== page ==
The Best Investments for Your 40s

If you’re late to the saving and investing party, now’s the time to put the pedal to the metal and make those lifestyle trade-offs. After all, you don’t want a future in your kids’ basement, do you?

  • Workplace 401(k) or 403(b): Supercharge your saving and investing to prepare for retirement. If you haven’t yet saved in your employer’s retirement plan, start now. If you’ve been investing in the 401(k), strive to invest the maximum $18,000 per year. If you start at age 40 and hit the max $18,000 annual target, then with a 6% annual return, by age 67 you’ll reach a million-dollar nest egg. That may not be enough to retire on once inflation and longer lifespans are taken into account, but $1 million dollars is a very good starting point.
  • Asset Allocation: Asset allocation in your 40s should lean slightly more toward lower-risk bonds and fixed investments than in your 30s, although the ratio of stock investments to bond investments varies depending on your risk comfort level. The conservative, risk-averse investor might be comfortable with a 60% stock and 40% bond allocation. The more aggressive investor in their 40s might be OK with a 70-80% stock allocation. Just remember, the more stock holdings you have, the more volatile your investment portfolio.

Be sure to include broadly diversified international stock funds and REITs in your investment mix. And sticking with low-fee index funds will keep your investing costs in check.

The Best Investments for Your 50s

Now it’s time to examine your future goals and explore your current and desired future lifestyle. Investigate your current income, projected income, and tax situation. The results of your analysis will influence the best investments in your 50s.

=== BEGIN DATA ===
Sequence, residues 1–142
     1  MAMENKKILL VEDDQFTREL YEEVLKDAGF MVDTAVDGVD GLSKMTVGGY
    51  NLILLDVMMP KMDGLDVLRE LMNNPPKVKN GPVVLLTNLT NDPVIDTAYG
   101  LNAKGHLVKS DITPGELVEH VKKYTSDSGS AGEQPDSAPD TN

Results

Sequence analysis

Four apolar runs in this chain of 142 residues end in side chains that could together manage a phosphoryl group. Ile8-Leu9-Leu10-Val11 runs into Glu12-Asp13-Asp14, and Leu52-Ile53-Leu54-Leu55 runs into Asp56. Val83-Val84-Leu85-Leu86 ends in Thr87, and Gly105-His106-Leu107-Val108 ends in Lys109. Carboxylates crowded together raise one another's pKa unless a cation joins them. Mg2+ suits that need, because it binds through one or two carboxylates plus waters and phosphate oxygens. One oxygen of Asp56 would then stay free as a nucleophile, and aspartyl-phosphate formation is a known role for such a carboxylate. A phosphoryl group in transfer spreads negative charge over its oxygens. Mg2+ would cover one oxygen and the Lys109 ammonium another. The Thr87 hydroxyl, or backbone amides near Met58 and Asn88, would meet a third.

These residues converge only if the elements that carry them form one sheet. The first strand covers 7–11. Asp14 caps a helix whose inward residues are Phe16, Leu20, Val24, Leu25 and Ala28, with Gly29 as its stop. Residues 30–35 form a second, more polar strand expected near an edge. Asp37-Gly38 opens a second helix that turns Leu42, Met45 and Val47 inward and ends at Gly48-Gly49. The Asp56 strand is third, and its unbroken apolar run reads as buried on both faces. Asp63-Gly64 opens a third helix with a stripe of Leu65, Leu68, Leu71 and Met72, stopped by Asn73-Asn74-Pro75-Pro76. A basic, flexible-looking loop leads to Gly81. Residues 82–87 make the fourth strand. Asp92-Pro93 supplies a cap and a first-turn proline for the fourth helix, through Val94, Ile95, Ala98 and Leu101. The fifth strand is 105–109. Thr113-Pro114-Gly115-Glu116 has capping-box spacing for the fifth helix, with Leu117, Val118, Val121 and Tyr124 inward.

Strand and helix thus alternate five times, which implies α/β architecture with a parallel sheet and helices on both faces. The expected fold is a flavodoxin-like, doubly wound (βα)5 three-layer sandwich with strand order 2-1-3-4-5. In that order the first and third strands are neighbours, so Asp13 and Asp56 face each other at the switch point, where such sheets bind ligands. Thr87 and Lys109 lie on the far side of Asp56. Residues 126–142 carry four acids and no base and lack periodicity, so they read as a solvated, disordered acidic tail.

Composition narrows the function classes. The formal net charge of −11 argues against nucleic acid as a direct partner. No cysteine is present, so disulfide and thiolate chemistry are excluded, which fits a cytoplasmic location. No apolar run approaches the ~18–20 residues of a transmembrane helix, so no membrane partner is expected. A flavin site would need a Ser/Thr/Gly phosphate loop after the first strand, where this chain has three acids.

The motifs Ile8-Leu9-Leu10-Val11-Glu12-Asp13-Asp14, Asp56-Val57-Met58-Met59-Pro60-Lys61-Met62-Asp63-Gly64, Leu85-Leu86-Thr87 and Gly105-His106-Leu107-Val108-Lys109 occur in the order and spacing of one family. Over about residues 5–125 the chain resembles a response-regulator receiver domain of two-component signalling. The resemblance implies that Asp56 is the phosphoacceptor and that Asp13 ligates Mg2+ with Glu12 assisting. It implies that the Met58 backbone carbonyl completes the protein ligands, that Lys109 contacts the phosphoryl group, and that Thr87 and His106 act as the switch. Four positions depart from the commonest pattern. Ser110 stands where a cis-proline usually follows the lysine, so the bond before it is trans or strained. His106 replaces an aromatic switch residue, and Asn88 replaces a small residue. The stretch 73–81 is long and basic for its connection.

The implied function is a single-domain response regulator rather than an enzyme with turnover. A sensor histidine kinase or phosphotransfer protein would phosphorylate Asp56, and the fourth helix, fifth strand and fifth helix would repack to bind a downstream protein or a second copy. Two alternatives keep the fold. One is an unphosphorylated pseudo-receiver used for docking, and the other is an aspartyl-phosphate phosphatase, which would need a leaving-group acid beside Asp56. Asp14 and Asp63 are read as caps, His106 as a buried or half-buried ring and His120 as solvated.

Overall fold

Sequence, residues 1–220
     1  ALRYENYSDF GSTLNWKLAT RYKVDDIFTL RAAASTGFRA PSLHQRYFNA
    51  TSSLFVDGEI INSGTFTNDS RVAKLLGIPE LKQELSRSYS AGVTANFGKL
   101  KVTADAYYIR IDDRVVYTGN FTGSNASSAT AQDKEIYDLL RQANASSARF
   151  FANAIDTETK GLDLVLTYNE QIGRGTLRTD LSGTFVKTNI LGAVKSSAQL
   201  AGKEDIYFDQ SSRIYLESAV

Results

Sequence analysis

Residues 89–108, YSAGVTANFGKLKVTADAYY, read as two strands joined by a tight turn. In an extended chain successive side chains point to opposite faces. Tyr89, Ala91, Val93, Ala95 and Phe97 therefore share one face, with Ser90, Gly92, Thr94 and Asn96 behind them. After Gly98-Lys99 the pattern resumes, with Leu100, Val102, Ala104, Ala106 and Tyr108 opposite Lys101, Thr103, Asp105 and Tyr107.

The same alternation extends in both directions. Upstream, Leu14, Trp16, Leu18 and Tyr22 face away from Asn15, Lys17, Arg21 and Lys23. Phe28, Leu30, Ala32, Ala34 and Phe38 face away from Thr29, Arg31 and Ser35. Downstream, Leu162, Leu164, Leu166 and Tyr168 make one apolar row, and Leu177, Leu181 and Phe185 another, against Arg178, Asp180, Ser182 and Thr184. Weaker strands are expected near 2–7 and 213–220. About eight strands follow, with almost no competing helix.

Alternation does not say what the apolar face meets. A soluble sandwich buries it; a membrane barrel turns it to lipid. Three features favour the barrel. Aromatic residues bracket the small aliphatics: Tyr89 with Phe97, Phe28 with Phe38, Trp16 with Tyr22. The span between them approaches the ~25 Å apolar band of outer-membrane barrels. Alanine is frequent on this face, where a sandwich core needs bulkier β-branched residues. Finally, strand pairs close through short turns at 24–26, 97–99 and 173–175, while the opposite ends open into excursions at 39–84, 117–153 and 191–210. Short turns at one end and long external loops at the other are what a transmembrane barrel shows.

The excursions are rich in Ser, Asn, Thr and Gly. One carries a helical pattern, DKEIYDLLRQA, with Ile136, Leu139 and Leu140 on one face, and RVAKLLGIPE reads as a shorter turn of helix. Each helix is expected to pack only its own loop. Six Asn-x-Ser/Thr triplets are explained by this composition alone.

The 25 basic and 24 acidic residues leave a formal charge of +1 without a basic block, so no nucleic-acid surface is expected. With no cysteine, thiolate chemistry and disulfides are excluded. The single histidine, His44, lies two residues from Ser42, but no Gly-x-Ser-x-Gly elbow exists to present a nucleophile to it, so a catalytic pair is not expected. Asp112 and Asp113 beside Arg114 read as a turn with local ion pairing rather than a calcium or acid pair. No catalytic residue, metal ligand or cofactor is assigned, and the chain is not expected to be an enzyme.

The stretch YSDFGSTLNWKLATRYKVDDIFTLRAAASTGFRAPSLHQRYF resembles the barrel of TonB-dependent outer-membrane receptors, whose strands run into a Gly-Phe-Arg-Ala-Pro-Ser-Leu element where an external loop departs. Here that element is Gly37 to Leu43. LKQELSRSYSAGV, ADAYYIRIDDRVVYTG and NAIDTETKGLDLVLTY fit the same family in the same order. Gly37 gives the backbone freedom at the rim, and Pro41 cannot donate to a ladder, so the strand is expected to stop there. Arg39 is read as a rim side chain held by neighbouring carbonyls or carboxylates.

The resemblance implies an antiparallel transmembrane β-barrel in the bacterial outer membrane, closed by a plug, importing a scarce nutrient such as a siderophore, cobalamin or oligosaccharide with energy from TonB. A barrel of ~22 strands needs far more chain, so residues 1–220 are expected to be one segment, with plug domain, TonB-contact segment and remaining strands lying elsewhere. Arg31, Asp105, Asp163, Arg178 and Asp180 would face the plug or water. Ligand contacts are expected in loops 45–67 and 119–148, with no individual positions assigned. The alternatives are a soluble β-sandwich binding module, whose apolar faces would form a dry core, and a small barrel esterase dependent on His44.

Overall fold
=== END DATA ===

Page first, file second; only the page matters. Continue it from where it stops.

If you’re on track for retirement, then keep on doing what you began in earlier decades. As you edge up to your retirement date, you’ll tend to dial back your stock fund exposure and increase the allocation of your portfolio to bonds and cash.

The specific percentages will be determined by how much and when you anticipate dipping into your investments. If you expect to retire at 67 and receive Social Security and other income sources, you might delay spending your investments. In that case, you can be a bit more aggressive with your investing in your 50s. If not, 60% stock investments and 40% bonds is a good mix for most investors.

  • Additional Income Streams: Investigate creating income streams from your investments. Shift some of your investments into higher dividend-paying stock and bond funds. Consider REITs with juicier dividend payments as well. That way, you can structure your portfolio to generate some spending money in retirement.

Ultimately, how you invest in each decade is dictated by the progress you’re making towards your financial goals. Start saving and investing as early as possible to secure your financial tomorrow.

Barbara A. Friedberg is a former portfolio manager and university investments instructor. Her writing appears on various websites including Robo-Advisor and Barbara Friedberg Personal Finance.

The Balance does not provide tax, investment, or financial services and advice. The information is being presented without consideration of the investment objectives, risk tolerance or financial circumstances of any specific investor and might not be suitable for all investors. Past performance is not indicative of future results. Investing involves risk including the possible loss of principal.